Ukraine’s foreign minister has called on countries to ban the use of the letter “Z” as a symbol of the Russian war on his country.
Photo: A T-shirt with the letter Z, which has become a symbol of the Russian military, is displayed at a street souvenir shop in St Petersburg (AP) (cropped)
30 March 2022 | James Porteous | Clipper Media News
Two German states have outlawed public displays of the letter “Z,” which has become synonymous with support for Russia’s war in Ukraine.
Authorities in Bavaria and Lower Saxony said over the weekend that anyone who displays the symbol at public demonstrations or paints it on cars or buildings could face a fine or up to three years in jail, the English-language site The Local reports. And an Interior Ministry spokesperson told reporters on Monday that people throughout Germany who display the letter to endorse Russia’s aggression could be liable to prosecution.
“The Russian war of aggression on the Ukraine is a criminal act, and whoever publicly approves of this war of aggression can also make himself liable to prosecution,” the spokesperson said at a news conference, according to Reuters.
The letter “Z” — which is part of the Latin alphabet but not the Cyrillic one used in Russian — first appeared on tanks and other military vehicles massing near Russia’s border with Ukraine, possibly as a way to distinguish them from Ukrainian forces.
Once the invasion began, “Z” was hard to miss. The letter was featured across social media and was plastered on billboards and stickers throughout Russia. Even outside of the country, the symbol has appeared on clothing.
Its origins may be mysterious, as NPR has reported, but its symbolism is clear: It represents support for Russia’s war in Ukraine, both at home and abroad.
Chapter 140 of Germany’s criminal code recognizes “incitement to crime of aggression” as an offense, according to Ukrainian state news agency Ukrinform. The Local reports that there have been displays of “Z” in both Lower Saxony and Bavaria.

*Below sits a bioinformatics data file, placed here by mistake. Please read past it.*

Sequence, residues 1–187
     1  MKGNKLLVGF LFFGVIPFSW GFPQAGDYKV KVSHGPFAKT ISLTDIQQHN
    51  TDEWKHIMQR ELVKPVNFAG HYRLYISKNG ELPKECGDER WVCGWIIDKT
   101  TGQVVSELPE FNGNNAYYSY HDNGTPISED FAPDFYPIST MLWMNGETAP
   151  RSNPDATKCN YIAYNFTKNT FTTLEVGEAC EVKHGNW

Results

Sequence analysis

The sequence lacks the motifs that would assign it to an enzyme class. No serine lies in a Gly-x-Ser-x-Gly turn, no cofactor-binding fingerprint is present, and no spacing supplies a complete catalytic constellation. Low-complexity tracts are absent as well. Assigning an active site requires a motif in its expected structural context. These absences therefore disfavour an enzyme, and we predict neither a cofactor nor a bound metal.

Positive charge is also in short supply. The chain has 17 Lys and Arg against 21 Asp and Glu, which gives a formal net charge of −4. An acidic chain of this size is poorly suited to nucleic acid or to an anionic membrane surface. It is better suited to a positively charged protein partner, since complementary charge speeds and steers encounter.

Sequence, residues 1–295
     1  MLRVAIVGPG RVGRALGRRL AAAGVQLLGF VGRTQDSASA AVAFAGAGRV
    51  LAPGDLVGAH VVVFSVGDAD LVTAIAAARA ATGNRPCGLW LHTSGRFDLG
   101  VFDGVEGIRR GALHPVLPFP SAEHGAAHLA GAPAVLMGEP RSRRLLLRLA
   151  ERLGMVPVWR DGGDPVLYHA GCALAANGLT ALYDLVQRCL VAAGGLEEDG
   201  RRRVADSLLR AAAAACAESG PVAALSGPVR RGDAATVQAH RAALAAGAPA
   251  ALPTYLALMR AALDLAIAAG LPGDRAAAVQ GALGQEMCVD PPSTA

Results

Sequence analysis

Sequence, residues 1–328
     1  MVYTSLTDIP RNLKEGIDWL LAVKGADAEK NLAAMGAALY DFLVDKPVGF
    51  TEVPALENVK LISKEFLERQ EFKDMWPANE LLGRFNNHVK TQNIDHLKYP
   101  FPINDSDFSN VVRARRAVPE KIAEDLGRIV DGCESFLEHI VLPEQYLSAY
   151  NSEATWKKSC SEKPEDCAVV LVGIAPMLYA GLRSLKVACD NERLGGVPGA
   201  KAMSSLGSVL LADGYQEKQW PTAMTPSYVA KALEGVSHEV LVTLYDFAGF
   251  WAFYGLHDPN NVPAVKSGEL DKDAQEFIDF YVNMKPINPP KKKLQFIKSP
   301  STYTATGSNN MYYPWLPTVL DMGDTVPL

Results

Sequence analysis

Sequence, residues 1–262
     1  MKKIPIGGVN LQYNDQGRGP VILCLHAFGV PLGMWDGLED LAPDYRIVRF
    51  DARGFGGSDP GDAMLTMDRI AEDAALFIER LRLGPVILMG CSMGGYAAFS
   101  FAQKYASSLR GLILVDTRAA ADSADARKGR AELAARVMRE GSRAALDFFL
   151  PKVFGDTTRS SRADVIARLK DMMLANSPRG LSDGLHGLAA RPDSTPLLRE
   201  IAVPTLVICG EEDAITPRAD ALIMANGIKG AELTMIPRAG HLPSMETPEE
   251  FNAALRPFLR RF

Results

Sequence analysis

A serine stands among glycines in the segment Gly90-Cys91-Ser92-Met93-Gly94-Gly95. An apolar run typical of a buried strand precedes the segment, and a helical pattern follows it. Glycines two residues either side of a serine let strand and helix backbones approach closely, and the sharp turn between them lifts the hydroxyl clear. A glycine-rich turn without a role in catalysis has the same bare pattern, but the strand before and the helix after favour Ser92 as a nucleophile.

In announcing the decision, Bavarian Justice Minister Georg Eisenreich said that freedom of thought “ends where criminal law begins.”
One person quipped that based on this logic, it seems that Ukrainian President Volodymyr Zelensky should change his name as it contains the letter Z.West’s ban of ‘Z’ symbol a manifestation of its Russophobia
“The Bavarian Public Prosecutor’s Office is taking consistent action against persons, who publicly approve the war of aggression that violates international law,” he said, according to Ukrinform. “Russian President [Vladimir] Putin has launched a criminal war of aggression that is inflicting terrible suffering on the Ukrainian people, so the Bavarian judicial system is watching closely.”
26 March 2022 | Reuters
ZURICH, March 26 (Reuters) – Zurich Insurance (ZURN.S) has removed its Z logo from social media after the letter became a symbol of support in Russia for Moscow’s invasion of Ukraine.
The company said it was removing the logo – a white Z on a blue background – because it did not want to be misinterpreted as supporting Russia in the conflict.
“We are temporarily removing the use of the letter ‘Z’ from social channels where it appears in isolation and could be misinterpreted,” the company told Reuters in a statement.
“We’re monitoring the situation closely and will take further actions if and when required,” the company said, following a report by The Telegraph newspaper in England.
The film “Z” is about one of these things: about the assassination, six years ago, of a leader of the political opposition in Greece. It is also about all the rest of them. For Americans, it is about the My Lai massacre, the killing of Fred Hampton, the Bay of Pigs.Film Review: Z
The letter Z has been used as a marking on Russian military vehicles taking part in the conflict and has been adopted by Russians supporting the war, with it being prominent on flags and at pro-Kremlin rallies. read more
Moscow has described its actions in Ukraine as a “special military operation.”
Zurich Insurance said earlier this month that it was no longer taking on new domestic customers in Russia and will not renew existing local business. read more
Reporting by John Revill; Editing by Daniel Wallis